As many of you know, I have been out of town and incommunicado for a while. I am still inundated by a stack of errands that is scrambling my brain. However, in working my way back into the Blogosphere, I came across Cindy Salo’s post about women’s reproductive rights and just had to share it with you. With her permission, what follows is the text of her post from her Sagebrush and Spuds site.
I am Concerned about the Health of Idaho’s Men
The Idaho Senate recently passed a bill that would require women to have an ultrasound before they have an abortion. The legislation was introduced by Senator Chuck Winder, who wants to ensure that women seeking an abortion make informed decisions based on complete medical information.
Senator Winder cares about other people. His voting record shows that he is concerned about many diverse groups, including Idaho’s teachers, who he wants to protect from tenure, collective bargaining, and pay raises based on experience.
Senator Winder is so busy legislating his concern for others that I fear he might forget to take care of himself. Perhaps he is leaving this to the women in Idaho’s legislature. I believe that they are up to the task; after all, women take such good care of their husbands that married men live longer than their single brothers.
Idaho’s women legislators can look to a bill introduced by Ohio State Senator Nina Turner for a model of how to safeguard the health of Idaho’s men. Senator Turner’s measure would protect men from the dangerous side effects of erectile dysfunction (ED) drugs. I believe that the men in our state deserve similar measures.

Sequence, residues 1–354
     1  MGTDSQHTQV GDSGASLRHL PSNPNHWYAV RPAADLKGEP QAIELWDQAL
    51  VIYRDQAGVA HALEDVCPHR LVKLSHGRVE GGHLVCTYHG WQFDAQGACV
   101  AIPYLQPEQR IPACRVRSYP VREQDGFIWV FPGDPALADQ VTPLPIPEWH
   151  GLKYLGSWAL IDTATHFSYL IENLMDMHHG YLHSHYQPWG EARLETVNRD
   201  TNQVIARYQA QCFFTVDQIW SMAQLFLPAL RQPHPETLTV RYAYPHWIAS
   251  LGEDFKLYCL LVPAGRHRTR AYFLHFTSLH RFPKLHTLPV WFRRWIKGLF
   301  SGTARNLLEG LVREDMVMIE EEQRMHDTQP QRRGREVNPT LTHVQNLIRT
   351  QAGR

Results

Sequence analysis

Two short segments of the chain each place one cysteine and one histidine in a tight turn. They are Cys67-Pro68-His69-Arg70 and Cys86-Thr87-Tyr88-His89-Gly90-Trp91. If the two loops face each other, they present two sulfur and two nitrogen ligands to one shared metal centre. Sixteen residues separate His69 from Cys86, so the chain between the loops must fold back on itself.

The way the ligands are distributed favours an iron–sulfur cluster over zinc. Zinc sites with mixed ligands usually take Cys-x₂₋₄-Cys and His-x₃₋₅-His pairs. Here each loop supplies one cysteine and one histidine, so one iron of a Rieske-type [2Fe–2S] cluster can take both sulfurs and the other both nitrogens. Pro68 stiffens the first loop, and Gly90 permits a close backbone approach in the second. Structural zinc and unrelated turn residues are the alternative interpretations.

“The men in our lives, including members of the General Assembly, generously devote time to fundamental female reproductive issues—the least we can do is return the favor,” Senator Turner said. “It is crucial that we take the appropriate steps to shelter vulnerable men from the potential side effects of these drugs.”
ED drugs are some of the most widely prescribed drugs in history. But men must not assume that these powerful drugs are safe simply because “everyone’s using them.” Men must make informed decisions based on complete medical information. And because men whose thoughts are dominated by sex do not always make the best decisions, a team of professional should guide them through the process.
The list of potential side effects of ED drugs is long and unpleasant: loss of vision, loss of hearing, and priapism (“an erection lasting more than four hours”), for starters. What’s more, these drugs can interact with existing conditions with deadly consequences. Men with heart disease, a history of stroke, high blood pressure, or eye problems must be especially careful when considering ED treatments. Men and their team must carefully weigh the possible consequences of these drugs with the expected benefits.
Senator Turner points out ED drugs should only be used to treat physical conditions. She shows her deep concern for men by proposing that they undergo testing to insure that their inability to maintain an erection is truly a physical problem and not a psychological one. The women of the Idaho legislature must work to insure that dangerous drugs are not prescribed when the appropriate treatment is counseling.
The Ohio legislation recognizes the need to protect the sanctity of procreation. However, I fear that their proposal might not go far enough. For example, if a man with a vasectomy is given ED drugs, he could then have sexual relations that are not open to the creation of human life. I urge the concerned women in our statehouse to carefully examine this important issue when crafting their legislation.
I trust that the women of the Idaho legislature will show their concern for Senator Winder, and for all the men in the Great State of Idaho, by introducing legislation to protect them from the serious medical and moral hazards of drugs for treating erectile dysfunction.
In addition, Cindy shared this link to an interview with Gary Trudeau on Slate.com.
Thank you, Cindy, for shining a bright light on this hypocrisy. Over 40 years after my mother fought for women’s reproductive rights, I’m astounded and disgusted by the inexorable erosion of those rights.